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October 19, 2006

"Today's [Booker] opinion from Judge Posner is so truly bizarre and harmful that it took my breath away."

The quote in this headline comes from an e-mail I received from a lawyer telling me about the latest Seventh Circuit Booker flight of fancy today in US v. Bullion, No. 06-1523 (7th Cir. Oct. 19, 2006) (available here).  As this lawyer explains, "Judge Posner basically says that an appeal from a district judge's substantially-above-guidelines sentence was so frivolous as to require an Anders brief." 

I am breathless, too, primarily because I cannot imagine Judge Posner ever accusing the government of filing a frivolous appeal when it complains about a below-guideline sentence.  Indeed, the Seventh Circuit has more often reversed below-guideline sentences than affirmed them, as detailed here, even on arguments that seem, at least to me, far less viable than the defendant's arguments in Bullion.

Here is Judge Posner's opening paragraph in Bullion (with cites omitted):

The defendant pleaded guilty to being a felon in possession of a firearm.  The guidelines range for his offense was 188 to 235 months, but the judge sentenced him to 264 months, and the defendant challenges the sentence as unreasonable.  Because it exceeded the guidelines range, there is no presumption that it is reasonable.  But the standard of reasonableness, introduced by the Booker decision, confers broad sentencing discretion. The judge must consider the guidelines but is in no sense bound by them.  He is bound only by the statutory sentencing factors, 18 U.S.C. § 3553(a), which are both numerous and vague, thus giving the judge a great deal of running room.  There was no basis for the defendant's challenging the exercise of discretion by the sentencing judge in this case — and, we add, in cases like it.  Not because there were no mitigating factors, but because the balance that the judge struck between them and the aggravating factors was so far inside the outer bounds of his sentencing discretion as to make the claim of unreasonableness frivolous and the appeal a compelling candidate for an Anders brief.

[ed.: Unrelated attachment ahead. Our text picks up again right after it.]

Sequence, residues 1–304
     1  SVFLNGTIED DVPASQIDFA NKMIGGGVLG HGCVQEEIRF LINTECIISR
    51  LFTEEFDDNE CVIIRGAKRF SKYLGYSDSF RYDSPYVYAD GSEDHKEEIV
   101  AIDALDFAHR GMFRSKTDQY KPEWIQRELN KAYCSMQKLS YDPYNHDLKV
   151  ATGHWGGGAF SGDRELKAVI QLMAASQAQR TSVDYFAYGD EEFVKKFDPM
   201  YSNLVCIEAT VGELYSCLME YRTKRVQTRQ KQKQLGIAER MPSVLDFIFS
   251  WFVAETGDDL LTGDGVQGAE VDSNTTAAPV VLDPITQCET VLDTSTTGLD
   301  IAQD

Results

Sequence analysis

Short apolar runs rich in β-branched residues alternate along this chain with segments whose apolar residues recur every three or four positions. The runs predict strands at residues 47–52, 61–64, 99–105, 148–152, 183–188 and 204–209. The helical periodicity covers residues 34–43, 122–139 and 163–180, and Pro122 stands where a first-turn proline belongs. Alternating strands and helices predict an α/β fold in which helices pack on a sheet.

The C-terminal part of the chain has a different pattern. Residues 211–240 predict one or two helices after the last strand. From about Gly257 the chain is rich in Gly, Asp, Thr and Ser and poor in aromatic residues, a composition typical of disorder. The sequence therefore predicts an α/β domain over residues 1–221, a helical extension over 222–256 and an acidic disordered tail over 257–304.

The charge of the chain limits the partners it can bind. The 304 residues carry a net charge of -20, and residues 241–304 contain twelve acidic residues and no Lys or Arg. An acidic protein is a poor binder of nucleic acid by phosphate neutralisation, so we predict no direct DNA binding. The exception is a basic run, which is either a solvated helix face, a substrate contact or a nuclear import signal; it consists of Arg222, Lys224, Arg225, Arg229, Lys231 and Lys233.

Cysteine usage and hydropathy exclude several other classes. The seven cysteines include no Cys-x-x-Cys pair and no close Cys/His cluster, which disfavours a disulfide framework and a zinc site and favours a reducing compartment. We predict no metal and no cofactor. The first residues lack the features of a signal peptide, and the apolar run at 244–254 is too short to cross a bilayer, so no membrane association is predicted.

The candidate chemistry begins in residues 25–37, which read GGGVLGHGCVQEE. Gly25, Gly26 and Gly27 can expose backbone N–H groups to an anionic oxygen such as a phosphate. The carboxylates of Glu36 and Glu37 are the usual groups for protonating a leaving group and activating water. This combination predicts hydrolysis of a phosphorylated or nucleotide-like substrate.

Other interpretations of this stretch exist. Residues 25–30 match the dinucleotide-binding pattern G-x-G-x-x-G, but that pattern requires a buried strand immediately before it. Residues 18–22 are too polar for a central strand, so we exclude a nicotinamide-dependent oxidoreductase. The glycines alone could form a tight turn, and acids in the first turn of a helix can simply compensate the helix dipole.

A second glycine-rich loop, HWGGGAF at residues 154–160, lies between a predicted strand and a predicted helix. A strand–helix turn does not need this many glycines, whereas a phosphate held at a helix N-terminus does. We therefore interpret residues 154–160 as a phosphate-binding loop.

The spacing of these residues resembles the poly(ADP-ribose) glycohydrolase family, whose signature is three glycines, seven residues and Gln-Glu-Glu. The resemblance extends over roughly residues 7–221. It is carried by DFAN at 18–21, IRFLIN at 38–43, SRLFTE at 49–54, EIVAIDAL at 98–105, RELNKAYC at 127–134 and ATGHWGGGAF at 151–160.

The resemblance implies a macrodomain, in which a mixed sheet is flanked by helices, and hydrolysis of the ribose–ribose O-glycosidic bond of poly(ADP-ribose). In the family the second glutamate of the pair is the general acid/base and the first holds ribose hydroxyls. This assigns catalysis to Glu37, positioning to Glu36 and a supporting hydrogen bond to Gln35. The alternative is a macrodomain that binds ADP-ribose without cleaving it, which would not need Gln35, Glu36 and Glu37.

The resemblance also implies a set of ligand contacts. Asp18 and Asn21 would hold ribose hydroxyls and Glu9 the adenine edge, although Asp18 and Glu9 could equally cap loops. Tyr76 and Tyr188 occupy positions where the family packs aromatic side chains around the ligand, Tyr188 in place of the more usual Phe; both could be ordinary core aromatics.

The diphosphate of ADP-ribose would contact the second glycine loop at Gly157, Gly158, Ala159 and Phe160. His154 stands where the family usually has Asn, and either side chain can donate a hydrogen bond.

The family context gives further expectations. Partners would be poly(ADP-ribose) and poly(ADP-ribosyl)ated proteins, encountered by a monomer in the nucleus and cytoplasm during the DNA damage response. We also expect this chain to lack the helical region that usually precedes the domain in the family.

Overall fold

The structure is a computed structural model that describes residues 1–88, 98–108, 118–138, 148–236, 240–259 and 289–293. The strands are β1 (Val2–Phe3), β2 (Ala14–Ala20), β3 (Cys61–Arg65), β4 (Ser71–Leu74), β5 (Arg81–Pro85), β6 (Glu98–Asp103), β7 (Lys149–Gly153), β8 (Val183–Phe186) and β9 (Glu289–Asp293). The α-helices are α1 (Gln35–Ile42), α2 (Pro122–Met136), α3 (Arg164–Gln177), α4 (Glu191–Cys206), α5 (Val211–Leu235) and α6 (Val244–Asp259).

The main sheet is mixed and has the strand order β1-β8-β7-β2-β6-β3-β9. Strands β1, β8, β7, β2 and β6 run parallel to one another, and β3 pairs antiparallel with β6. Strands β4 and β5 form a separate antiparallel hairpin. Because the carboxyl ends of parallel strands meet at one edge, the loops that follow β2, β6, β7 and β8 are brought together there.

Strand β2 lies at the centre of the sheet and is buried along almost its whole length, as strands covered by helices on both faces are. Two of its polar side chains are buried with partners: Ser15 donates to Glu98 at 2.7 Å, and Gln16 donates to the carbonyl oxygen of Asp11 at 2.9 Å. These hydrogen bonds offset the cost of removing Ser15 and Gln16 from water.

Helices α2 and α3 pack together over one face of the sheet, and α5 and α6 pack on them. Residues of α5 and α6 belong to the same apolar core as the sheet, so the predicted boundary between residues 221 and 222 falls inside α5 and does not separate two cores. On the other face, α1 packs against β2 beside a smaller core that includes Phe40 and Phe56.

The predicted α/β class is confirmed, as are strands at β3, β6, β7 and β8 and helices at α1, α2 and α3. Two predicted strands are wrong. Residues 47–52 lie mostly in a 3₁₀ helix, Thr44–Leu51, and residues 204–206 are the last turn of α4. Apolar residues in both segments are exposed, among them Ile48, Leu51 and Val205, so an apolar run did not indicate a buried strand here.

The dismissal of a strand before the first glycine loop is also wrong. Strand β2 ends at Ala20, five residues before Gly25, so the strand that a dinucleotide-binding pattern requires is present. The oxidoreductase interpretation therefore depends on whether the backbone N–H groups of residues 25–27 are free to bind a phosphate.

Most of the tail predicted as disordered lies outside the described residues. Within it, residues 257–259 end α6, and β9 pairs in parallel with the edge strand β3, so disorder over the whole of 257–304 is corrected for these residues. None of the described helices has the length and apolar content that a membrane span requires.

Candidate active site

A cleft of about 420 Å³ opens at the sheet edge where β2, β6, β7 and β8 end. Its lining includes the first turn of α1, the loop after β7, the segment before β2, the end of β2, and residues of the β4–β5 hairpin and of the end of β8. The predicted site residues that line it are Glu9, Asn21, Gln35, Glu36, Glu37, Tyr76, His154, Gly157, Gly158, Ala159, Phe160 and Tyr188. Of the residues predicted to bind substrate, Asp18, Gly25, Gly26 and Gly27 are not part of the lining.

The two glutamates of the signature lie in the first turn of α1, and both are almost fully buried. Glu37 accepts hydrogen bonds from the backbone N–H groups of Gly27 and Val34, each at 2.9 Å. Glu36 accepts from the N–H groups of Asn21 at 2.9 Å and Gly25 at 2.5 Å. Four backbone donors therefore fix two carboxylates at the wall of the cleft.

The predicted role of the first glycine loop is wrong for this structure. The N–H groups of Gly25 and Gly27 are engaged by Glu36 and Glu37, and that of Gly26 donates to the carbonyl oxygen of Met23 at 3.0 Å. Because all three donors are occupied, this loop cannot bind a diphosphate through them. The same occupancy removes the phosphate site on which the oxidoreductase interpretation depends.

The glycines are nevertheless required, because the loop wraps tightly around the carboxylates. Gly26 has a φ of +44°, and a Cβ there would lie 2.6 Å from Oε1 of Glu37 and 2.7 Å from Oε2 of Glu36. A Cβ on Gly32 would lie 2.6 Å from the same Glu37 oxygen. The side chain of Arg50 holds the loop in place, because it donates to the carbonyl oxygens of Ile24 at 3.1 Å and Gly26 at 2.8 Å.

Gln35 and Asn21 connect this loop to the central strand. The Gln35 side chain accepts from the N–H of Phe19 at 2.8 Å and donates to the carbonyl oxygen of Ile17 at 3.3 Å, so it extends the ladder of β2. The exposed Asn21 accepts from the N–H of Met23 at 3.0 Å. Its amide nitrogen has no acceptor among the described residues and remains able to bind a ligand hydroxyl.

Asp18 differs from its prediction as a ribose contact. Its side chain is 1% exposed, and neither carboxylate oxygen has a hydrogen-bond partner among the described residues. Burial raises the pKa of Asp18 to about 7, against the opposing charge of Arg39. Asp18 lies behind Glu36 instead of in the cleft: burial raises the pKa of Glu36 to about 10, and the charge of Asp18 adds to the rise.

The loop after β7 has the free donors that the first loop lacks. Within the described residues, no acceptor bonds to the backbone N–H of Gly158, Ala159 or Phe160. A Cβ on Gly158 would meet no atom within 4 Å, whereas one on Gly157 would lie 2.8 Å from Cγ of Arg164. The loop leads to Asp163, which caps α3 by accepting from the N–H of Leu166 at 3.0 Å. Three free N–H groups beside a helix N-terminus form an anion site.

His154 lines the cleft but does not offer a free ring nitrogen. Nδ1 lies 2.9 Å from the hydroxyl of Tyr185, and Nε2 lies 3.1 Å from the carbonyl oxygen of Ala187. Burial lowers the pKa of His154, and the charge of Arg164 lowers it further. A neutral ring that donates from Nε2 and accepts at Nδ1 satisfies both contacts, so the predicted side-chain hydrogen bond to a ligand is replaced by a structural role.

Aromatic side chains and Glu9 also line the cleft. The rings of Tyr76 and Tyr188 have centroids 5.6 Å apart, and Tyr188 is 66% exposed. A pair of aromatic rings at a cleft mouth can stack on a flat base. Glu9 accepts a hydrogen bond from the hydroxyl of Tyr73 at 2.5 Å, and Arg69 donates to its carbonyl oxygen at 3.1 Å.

Though Judge Posner likes to harp on the vagueness of 18 U.S.C. § 3553(a), I continue to wonder if he has ever really thought about its central command together with his eagerness to presume the guidelines reasonable.  Section 3553(a) commands the sentencing court to "impose a sentence sufficient, but not greater than necessary, to comply with the purposes set forth in paragraph (2) of this subsection."  If the guidelines are presumptively reasonable in light of this command, that means in this case a within-guideline sentence of 188 months would have been presumptively "sufficient but not greater than necessary"  for the defendant. 

How then can it be frivolous — not just without merit, but frivolous — for the defendant to contest a sentence that requires six more years of imprisonment?!?  Consider also the reality that the fact that the defendant in this case was being sentence after pleading guilty to just a firearm possession offense.  Wow.  Even though Judge Posner is clearly quite hostile to defendants exerting their appellate rights after Booker, it seems quite reckless (and harmful) for him to assert that a decision to appeal an above-guideline sentence is frivolous!